Since I had to remove my intake manifold while walnut blasting my intake valves, I decided it was the perfect time to tap the manifold for a larger vacuum line. TiAL recommends that their blow off valves be connected to 1/4″ vacuum line, not the small factory 1/8″ vacuum line. This is crucial on modified BMW 135i or 335i.
Once you have all of the parts, it’s a pretty straightforward procedure. First, cap off the existing port with a vacuum nipple and a zip tie. I like to leave this nipple untouched in case I were to ever go back to stock, then I can just plug the larger port we’re about to create.
Next you’ll want to find the flat surface next to the old nipple. Then you’ll start drilling a hole with a small drill bit and eventually work your way up to a 1/4″ bit or until the tap can thread into the hole.
Now you’ll use the tap tool to thread the plastic to accept the fitting. Run this tap into the hole until you can thread the fitting in.
Grab the fitting and wrap some teflon tape around the threads. Then carefully thread it in until it is nice and tight.
Lastly, you’ll bust out the epoxy and coat the outside so it won’t leak.
Vacuum or blow out any plastic shavings that are left in the intake manifold and reinstall. Now you’ll grab your new 1/4″ vacuum hose and connect it from the blow off valve to your larger port for ideal operation.
After owning my 1-series for over a year, I finally got sick of the halogen angel eye bulbs. I previously coded their voltage intensity up higher to make them brighter, but I still didn’t like the warm color.
So, I decided to buy myself an early Christmas present! LUX was running a sale, so I grabbed a pair of their latest and greatest angel eyes. Their H8 angel eyes advertised a pure white 7000k temperature with extreme brightness. Perfect!
I received them a few days after ordering and wanted to install them right away. All I had to do was pop the rear headlight covers off. They can be finicky, but you’ll figure it out. After the cover was off, I twisted the old bulbs out. Next, I inserted the new bulb and tucked the power supply box out of the way. Drum roll please…
A few weeks ago the car started making a squeaking noise. So, I popped the hood and started taking a video. Here is what I found:
As soon as I noticed the shredding serpentine belt, I drove home and parked the car. Ordered a new belt and tensioner, along with oil filter housing gaskets (#1 & #2) because mine were leaking. Once the parts arrived, I installed everything. Here is a picture of the OFH gaskets going in, what a mess…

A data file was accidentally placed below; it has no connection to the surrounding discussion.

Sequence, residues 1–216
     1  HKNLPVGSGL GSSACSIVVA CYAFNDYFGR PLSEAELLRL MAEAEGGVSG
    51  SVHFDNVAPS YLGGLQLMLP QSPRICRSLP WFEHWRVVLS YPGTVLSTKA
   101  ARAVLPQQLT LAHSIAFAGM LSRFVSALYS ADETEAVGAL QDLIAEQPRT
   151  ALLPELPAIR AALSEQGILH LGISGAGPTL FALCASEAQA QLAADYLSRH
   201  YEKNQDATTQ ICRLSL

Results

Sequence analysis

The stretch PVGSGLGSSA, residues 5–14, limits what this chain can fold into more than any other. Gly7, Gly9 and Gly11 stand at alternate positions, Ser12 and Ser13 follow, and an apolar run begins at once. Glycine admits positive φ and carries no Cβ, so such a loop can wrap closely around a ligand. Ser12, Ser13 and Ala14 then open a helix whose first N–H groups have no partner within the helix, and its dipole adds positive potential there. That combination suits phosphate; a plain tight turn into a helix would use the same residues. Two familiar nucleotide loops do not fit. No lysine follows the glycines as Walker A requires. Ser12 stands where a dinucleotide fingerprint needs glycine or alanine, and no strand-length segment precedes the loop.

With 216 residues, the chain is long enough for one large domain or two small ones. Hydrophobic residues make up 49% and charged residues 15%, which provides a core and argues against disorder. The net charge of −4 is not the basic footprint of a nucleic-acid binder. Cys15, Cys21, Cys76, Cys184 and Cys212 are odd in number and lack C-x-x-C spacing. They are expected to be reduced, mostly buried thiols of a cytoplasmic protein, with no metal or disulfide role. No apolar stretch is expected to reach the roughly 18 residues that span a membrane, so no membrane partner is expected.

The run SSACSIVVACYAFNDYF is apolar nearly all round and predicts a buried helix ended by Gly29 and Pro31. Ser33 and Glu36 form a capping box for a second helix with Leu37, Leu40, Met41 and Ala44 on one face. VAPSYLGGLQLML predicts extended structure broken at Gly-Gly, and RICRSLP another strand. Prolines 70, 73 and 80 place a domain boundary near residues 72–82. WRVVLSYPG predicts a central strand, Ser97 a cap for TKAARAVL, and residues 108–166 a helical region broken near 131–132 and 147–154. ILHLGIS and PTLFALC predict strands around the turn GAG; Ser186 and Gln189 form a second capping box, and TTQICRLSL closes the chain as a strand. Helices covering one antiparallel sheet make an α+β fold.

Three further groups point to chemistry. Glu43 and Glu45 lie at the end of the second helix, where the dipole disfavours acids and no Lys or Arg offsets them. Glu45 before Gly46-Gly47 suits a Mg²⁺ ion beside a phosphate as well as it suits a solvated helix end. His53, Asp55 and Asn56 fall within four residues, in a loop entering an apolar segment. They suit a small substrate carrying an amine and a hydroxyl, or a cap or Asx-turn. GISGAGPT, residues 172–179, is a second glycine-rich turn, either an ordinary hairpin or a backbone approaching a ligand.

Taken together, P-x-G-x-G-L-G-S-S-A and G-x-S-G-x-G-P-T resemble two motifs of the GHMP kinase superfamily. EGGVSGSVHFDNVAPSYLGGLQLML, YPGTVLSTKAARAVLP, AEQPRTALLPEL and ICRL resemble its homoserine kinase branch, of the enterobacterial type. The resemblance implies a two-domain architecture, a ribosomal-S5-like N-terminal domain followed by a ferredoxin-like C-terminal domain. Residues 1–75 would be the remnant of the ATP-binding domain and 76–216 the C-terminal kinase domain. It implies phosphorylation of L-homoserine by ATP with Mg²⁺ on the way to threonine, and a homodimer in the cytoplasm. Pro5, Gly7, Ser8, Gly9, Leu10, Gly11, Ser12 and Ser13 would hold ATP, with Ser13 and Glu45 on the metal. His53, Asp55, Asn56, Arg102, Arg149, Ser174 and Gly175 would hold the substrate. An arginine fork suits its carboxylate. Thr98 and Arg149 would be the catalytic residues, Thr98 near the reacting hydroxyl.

Obligatory picture of the shredded belt: I put everything back together and assumed all was good. Wrong. About 50 miles later, the belt started shredding again. This time it started wrapping around the alternator pulley and burnt up the backside of the brand new tensioner pulleys.
Why do cars still come with halogen headlights and crappy interior bulbs? It’s 2015, Xenons and LEDs should be standard issue, since the 1 series is pretty old – I decided to take it upon myself to upgrade the interior lights.
It was just another day browsing 1Addicts when I stumbled upon a thread about custom front splittersby fmxomar. There was a ton of interest, but no one had installed one yet. For the price, I figured I’d pull the trigger on the front splitter and a set of side splitters.
I thought these two items would flow perfectly with the Rieger rear diffuser that I’ve had my eyes on. The parts arrived within a week and came with installation hardware, but no mounting holes. I guess that’s what a drill is for! First step: remove the front bumper.
I started off by clamping the splitter to the bottom of the bumper and then lined everything up. 9 holes later and it was attached. I still wanted to mount the OEM wheel wind deflectors, so I trimmed 1/2″ notches in the back of the splitter to make room.
Because both parts are plastic and the splitter wasn’t structurally mounted, I didn’t want to take the chance of it folding under at high speeds. So, I installed two APR support rods. It took a little courage to drill into a perfectly good front bumper, but it was a risk I was willing to take. I followed the center-flow design and made sure to use large washers on the back of the bumper. Everything was secure so I quickly re-mounted the front bumper. It is a very sturdy setup.
Overall, I am very satisfied with this splitter. I would not recommend mounting it without supporting rods, but feel free to do so at your own risk. Stay tuned for the side-skirt installation in about a month!
This car has been in need of a good detail and I finally got around to doing it. First I washed it with Meguiar’s Gold Class Shampoo, then went over the whole car with their Clay Bar Kit. I was surprised at the amount of crap the claybar took off. Then I used a high-speed corded drill with a velcro attachment for cutting, polishing, and waxing.
I took a picture before I started the cut/polish/wax process. Once I was finished, I took another picture to show the results. Keep in mind, the “before” picture is when the car was already washed and clean. The imperfections you see are all swirls or scratches, not dirt.
This animated GIF will switch between images. Click it for high-res.
In the two photos, you can see a lot of things in my garage reflecting off the paint. The two lines near the middle of the photos are power cords, not scratches. The lighter reflections above those are the power boxes on the light stands. All other bright imperfections are either lights on the ceiling, lights on the stands, or bright objects laying on the ground or on top of shelves. Obviously you can see the reflections of the yellow and red light stands themselves.